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high school

Aviva Okeson-Haberman

It’s been a long week for St. Dominic High School senior Emma Story. But as the sun sets on a Friday night, Story is out knocking on doors in St. Charles for the Missouri GOP.

Story is a first-time voter who spends most of her free time — when she’s not practicing on her high school’s golf team — trying to get Missouri Attorney General Josh Hawley and other Republicans elected.

“I’m really excited to really have a direct voice or direct effect in democracy this year,” Story said.

She’s not the only high school senior looking forward to voting this November.

KCUR Photo Illustration / Lee's Summit R-7 School District

Is it preferable to build new schools or renovate old ones?

Should the priority be to minimize the fiscal impact or minimize student disruption as more families move into the district?

Is it important to consider equity of learning environments when making facilities decisions?

These are questions the Lee’s Summit R-7 School District will ask students, parents, teachers and taxpayers at a series of community engagement events this fall.

Elle Moxley / KCUR 89.3

It was back to school Friday for some Johnson County students.

For many years now, the Shawnee Mission School District has had a transition day for students moving into a new school building. According to Shawnee Mission West Principal Steve Loe, having just ninth graders on the first day lets new high school students meet their teachers and get acquainted with the building before they have to share the halls with upperclassmen.

Three black plates on a grey surface. Two of the plates have tortillas with filling.
Luke X. Martin / KCUR 89.3

Segment 1: Buying school supplies and clothes can be a struggle but local programs are available to help. 

Paul Andrews / paulandrewsphotography.com

It's okay not to be okay. That's the essential message of a new book for young adult readers by Kansas City author Adib Khorram.

Darius The Great is Not Okay follows a boy with an Iranian mom and teutonic, white-guy dad through the cruelty and tenderness of adolescence. Darius lives in Portland. He struggles with depression. He's bullied at school, and he's unsure of his place at home. He doesn't speak Farsi, like his mom and sister, and he's convinced he's a disappointment to his dad. His only comforts come from hot tea and Star Trek

Segment 1: Deciding what to do after high school can be tough.

For students, high school graduation oft evokes feelings of accomplishment and freedom. But deciding what to do next can be a difficult decision. We discuss different paths students may consider when looking to further their education, skills and training.

Elle Moxley / KCUR 89.3

Friday is the last day of school at DeLaSalle Education Center, a charter high school in Kansas City that primarily enrolls students who haven’t succeeded elsewhere.

It’s also a time of reflection for those who taught them.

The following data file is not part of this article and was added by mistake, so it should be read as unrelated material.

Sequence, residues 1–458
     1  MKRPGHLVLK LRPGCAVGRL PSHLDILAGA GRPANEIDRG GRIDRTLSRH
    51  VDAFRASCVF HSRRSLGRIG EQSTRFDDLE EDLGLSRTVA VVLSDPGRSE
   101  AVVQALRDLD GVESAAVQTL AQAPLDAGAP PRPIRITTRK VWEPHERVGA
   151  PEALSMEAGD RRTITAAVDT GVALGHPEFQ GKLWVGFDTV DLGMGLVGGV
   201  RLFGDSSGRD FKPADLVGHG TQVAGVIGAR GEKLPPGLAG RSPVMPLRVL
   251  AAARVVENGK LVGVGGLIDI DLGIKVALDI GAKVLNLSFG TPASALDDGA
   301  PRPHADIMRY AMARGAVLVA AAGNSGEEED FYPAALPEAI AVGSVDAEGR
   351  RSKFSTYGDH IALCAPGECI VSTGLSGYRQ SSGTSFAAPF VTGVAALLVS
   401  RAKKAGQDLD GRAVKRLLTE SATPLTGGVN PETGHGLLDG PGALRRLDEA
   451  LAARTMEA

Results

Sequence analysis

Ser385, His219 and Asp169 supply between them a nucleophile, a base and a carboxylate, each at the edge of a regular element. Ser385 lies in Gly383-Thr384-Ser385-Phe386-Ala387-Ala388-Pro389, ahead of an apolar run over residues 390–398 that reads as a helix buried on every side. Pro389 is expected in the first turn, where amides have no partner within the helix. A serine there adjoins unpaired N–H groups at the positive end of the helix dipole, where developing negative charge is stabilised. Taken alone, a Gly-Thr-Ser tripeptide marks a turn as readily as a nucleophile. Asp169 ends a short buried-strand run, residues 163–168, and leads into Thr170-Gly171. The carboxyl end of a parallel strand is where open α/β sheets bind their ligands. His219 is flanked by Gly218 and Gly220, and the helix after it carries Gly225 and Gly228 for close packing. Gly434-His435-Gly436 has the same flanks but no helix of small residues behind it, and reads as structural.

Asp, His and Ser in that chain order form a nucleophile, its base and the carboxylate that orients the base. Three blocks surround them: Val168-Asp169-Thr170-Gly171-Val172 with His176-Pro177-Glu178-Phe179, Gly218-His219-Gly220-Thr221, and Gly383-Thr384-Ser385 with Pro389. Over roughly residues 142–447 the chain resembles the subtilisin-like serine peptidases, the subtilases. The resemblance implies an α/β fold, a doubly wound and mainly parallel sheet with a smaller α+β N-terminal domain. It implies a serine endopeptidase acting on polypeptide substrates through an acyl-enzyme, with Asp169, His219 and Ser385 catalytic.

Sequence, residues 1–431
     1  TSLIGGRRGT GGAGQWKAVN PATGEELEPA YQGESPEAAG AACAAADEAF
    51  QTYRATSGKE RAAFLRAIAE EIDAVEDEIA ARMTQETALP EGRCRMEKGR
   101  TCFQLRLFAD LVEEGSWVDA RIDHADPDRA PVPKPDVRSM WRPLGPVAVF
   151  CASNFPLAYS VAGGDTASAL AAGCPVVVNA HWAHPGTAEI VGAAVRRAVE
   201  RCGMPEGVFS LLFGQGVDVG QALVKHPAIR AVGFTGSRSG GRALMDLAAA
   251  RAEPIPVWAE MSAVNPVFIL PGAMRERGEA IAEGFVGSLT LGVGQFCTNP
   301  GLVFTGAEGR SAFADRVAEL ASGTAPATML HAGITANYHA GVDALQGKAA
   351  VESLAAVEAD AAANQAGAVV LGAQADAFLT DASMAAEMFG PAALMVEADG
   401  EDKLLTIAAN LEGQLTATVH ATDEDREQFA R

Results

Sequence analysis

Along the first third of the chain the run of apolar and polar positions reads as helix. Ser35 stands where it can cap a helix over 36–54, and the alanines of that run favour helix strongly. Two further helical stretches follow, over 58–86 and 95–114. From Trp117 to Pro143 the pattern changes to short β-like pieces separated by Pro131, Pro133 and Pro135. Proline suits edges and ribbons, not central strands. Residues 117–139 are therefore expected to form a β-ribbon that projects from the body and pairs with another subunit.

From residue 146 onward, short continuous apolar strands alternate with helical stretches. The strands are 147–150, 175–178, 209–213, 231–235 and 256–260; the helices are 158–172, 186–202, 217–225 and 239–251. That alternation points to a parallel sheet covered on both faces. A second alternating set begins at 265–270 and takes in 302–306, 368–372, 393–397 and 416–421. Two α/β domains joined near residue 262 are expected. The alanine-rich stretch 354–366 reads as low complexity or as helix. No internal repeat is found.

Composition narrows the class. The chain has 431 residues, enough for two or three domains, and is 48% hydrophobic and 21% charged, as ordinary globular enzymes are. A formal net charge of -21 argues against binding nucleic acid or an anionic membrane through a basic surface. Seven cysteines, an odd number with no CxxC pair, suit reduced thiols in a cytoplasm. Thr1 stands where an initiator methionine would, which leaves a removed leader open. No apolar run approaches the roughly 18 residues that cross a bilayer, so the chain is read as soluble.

At 22, first-year Teach For America corps member Pranav Nanda isn’t that much older than his students. At the start of the school year, Nanda worried students might not respect someone they saw as a peer. But over time, he came to see his age as an advantage.

Steven Depolo / Flickr - CC

Segment 1: Keeping kids engaged, fed and healthy during summer months.

Most students are overjoyed when summer break rolls around. But what about the families who rely on school for access to meals, health care and mentorship? Today, we learned about what local school districts are doing to minimize the downsides of students being away from the classroom during the summer months.

Luke X. Martin / KCUR 89.3

Josie Hoskins said he thought of his own life story as "super normal" — until he saw other people's reaction to it.

"I was around six years old when my mom took me aside and ... explained, one, how to spot an overdose and, two, what to do if I saw her with an overdose."

Segment 1: The ancient civilization that once thrived in Kansas.

About a year ago, a researcher at Wichita State University found the city of Etzanoa, an indigenous settlement that once thrived in Kansas. Limited tours for the public are just now getting started, but accessing the site can be hard: there's a modern city on top of the ancient one.

Elle Moxley / KCUR 89.3

It’s a common refrain in career and technical education: school must prepare students for jobs that haven’t been invented yet.

To do that, vocational training centers are undergoing high-tech transformations, and nowhere is that more apparent than in Lee’s Summit. The gleaming, $64 million Missouri Innovation Campus that opened last fall has been hailed as a game changer for accelerating the time it takes for a four-year degree after high school.

Paul Sableman / Flickr - CC

Segment 1: Schools in the Shawnee Mission district have been accused of stifling expression during student demonstration.

During last Friday's national school walkout, parents and students at several Shawnee Mission schools reported that administrators attempted to curate and censor student speech. These complaints have spurred an investigation by the American Civil Liberties Union of Kansas. Today, we asked what happened during the demonstrations, and how the school district is responding.

Elle Moxley / KCUR 89.3

Kansas City-area students joined their peers from across the country on Friday, rallying to commemorate the 19th anniversary of the Columbine massacre and pay tribute to other victims of mass shootings.

Students left their schools and made their way to a rally in Midtown's Hyde Park, where students from 10 high schools organized the rally to coincide with the walkouts. It attracted about 150 people. Although that fell short of their goal of 500, the teen organizers said they were glad they got to connect with students from other schools.

Elle Moxley / KCUR 89.3

Segment 1: Students in Kansas City and across the country stage a school walkout, 19 years after a mass shooting at Columbine High School.

Segment 1: The National School Walkout In North Kansas City.

A check-in with our reporter, who covered today's National School Walkout from Oak Park High School.

Segment 2, beginning at 5:41: A Portrait Session with Alvin Brooks.

Andrea Tudhope / KCUR 89.3